Thus Spake Zuska

Prodigal Academic comments over at Isis’s place:

Everyone speaking English is no guarantee of safety.

That is true, but since the lab was in the US, everyone in it is supposed to have a minimal proficiency in English. In practice, the net result was that the standard procedure was to use English first (allowing others to maintain a good awareness of what was going on around them in the lab), then confirm understanding in another language if necessary.

As a purely safety consideration, it makes a lot of sense to have a lab language. My group right now has 2 PhD students and 3 undergrads, all of whom speak decent to fluent English, and none of whom share another language in common. As it happens in my own lab, I don’t actually care what language people use as long as everyone understands any hazardous conditions that may be present. If I see this not happening as the group grows, I may implement a similar English while setting up experiments rule.

When I began my PhD program, I had never set foot in a tissue culture lab before. I was an engineer, with a wee bit of chemistry experience from my M.S. But if you are intent on growing living cells, you are going to have to autoclave things. Or so I had come to understand.

I was a native English speaker, and so was everyone else in my lab. So, indeed, was everyone else that I interacted with regarding the use of the autoclave. Here’s the extend of the instructions I got about using the autoclave:

“The autoclave is down the hall in room X. Put your stuff in this bin. For glassware you probably want to run it at such-and-so conditions. For liquids you probably want to run it at such-and-so conditions. Don’t forget to put autoclave tape on your stuff so you know after what’s been through the autoclave.”

Everyone spoke English. Yay! But I am pretty sure I ruined some stuff for people, not to mention narrowly missed killing myself, before I finally haphazardly learned how to operate the autoclave.

Thoughts?

Comments

  1. #1 lost academic
    June 3, 2010

    “That is true, but since the lab was in the US, everyone in it is supposed to have a minimal proficiency in English.”

    Who says? Wasn’t aware we had a national language. Oh, that’s right – we don’t.

    The English-only thing seems to be a way to improperly talk about something more important – communicating effectively in the lab. We DO want non-native speakers to have a command of spoken English, which they often don’t have if their graduate program in your lab is their first real experience, especially in an immersion situation. But if they can’t talk (yet, especially) about something to someone else in English and instead can do it faster and better in Language B, it’s just wrong of me to stop them. They can do plenty of talking in presentations and in classes and with other sole-English speakers – if 2 students come into my lab to talk about a problem with an IC and they want to troubleshoot the situation together in Chinese, fine.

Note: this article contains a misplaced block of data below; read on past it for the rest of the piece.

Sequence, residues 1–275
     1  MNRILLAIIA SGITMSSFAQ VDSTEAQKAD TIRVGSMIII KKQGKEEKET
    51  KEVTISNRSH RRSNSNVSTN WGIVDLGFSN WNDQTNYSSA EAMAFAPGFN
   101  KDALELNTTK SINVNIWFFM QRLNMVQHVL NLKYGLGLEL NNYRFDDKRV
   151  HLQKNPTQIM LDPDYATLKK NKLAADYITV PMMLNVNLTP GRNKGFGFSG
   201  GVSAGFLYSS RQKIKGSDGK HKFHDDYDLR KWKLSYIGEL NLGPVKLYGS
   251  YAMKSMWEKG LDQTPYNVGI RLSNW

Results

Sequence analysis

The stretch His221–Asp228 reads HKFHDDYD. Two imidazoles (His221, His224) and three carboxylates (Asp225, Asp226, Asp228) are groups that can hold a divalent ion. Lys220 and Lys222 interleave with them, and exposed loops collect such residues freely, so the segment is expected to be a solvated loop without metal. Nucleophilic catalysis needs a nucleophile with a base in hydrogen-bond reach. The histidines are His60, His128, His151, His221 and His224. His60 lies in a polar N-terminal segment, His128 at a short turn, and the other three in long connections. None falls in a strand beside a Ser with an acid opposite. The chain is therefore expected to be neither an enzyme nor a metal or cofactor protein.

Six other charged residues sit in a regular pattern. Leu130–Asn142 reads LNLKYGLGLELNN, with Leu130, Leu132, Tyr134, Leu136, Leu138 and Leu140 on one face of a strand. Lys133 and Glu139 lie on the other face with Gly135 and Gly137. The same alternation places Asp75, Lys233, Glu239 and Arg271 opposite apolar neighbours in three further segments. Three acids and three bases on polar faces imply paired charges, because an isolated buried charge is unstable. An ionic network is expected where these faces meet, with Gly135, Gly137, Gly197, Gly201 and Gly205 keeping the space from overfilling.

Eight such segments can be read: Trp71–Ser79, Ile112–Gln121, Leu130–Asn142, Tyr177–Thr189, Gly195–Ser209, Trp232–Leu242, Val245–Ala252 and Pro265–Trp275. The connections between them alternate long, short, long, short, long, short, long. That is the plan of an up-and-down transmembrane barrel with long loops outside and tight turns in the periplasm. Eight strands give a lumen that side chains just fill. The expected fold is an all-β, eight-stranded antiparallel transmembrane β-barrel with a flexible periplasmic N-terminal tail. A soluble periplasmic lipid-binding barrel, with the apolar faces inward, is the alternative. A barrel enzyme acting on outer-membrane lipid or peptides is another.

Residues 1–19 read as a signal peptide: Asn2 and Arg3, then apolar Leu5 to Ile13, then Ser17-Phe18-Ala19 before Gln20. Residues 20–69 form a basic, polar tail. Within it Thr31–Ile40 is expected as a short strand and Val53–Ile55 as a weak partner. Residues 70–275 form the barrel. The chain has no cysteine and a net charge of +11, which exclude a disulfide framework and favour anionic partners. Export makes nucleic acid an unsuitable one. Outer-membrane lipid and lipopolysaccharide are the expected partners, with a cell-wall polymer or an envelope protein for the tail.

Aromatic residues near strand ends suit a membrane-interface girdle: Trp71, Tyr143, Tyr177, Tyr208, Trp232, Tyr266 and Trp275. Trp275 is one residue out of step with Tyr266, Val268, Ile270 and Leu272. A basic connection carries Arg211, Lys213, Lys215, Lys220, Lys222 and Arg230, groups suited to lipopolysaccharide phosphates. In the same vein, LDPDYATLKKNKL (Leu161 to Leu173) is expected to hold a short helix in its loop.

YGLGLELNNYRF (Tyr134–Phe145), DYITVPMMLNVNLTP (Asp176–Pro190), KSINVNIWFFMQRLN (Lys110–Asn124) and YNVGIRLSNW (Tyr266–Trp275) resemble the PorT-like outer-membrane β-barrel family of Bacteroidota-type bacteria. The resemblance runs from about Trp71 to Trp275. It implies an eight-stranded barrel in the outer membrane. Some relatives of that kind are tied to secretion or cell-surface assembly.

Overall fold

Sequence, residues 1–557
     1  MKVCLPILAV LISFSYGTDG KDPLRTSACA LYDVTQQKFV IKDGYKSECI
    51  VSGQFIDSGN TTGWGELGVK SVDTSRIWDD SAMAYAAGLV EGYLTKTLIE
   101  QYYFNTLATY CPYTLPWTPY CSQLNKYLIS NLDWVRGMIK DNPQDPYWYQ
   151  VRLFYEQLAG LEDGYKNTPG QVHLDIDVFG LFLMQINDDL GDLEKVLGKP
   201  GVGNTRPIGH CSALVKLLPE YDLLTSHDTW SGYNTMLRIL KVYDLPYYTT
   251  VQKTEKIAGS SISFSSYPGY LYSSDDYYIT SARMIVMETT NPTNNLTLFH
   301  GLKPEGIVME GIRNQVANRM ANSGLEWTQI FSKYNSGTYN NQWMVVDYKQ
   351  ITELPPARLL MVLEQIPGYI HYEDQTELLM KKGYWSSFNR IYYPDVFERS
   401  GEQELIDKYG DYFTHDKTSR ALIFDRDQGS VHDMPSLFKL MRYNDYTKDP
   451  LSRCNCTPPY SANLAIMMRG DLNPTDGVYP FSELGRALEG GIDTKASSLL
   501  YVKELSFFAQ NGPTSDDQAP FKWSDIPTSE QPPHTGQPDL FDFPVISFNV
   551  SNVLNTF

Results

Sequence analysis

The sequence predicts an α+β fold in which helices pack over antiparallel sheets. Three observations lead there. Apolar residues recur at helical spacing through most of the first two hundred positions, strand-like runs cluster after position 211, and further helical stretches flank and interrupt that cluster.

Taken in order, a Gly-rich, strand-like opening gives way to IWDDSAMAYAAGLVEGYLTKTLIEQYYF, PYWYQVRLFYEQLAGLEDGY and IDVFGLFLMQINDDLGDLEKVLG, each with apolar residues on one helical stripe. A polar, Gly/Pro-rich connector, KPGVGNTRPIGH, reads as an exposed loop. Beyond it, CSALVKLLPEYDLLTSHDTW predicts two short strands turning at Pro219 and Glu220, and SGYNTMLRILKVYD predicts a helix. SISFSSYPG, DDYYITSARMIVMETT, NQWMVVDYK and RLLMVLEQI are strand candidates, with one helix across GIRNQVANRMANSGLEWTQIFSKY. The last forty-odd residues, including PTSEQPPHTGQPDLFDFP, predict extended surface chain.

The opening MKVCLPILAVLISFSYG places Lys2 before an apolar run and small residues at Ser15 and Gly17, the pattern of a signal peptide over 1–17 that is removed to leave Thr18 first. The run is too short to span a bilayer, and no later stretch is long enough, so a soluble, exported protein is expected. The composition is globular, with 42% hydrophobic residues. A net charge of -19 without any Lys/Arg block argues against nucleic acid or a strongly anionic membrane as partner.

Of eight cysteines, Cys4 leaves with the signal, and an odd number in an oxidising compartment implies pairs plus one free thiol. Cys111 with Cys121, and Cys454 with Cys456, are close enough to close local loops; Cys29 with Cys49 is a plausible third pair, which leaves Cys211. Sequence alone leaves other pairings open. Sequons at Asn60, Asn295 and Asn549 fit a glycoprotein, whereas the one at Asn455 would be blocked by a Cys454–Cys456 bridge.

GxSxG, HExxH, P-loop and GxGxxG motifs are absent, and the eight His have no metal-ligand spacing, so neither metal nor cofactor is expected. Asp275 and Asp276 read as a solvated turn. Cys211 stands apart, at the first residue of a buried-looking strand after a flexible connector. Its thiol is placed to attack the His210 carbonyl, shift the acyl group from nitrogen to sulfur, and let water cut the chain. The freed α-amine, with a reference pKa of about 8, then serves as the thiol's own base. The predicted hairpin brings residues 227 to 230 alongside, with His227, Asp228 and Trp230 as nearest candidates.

Communication is critical, for instance, when there’s safety involved and when you’re explaining/teaching something. I recall reading a story over on Derek Lowe’s blog, in a comment I think, about a conversation overheard by one English speaker between several other nonEnglish speaking students. The other students all left the lab rapidly for some reason after discussing something. It was only later that the English speaking student realized that something had gone wrong and they had left the hazard area. The problem there isn’t that the other fellows spoke English – it’s that they didn’t tell him something he needed to know. He could have easily been mostly dead or had headphones on. It was the lapse in judgment that was the problem, in my opinion, that caused the situation to become more serious.

    I feel left out at night when the shouted conversations down the hall aren’t in a language I understand, but I get over it.

  2. #2 ScientistMother
    June 3, 2010

    @ lost academic – you hit the nail on the head. Its a communicating effectively. The issue isn’t that the group was speaking a different language but they didn’t tell the other individual necessary information, which couldn’ve been done by just simply grabbing and pulling the person. I guarentee the same thing has happened when everyone spoke English

  3. #3 MonkeyPox
    June 3, 2010

    In our academic program we have english proficiency standards for admission, and we refer people to accent reduction programs if we are concerned about their communication skills.

    For native english speakers, we have no similar referral process for communication problems.

  4. #4 Adam_Y
    June 3, 2010

    I was a native English speaker, and so was everyone else in my lab. So, indeed, was everyone else that I interacted with regarding the use of the autoclave. Here’s the extend of the instructions I got about using the autoclave: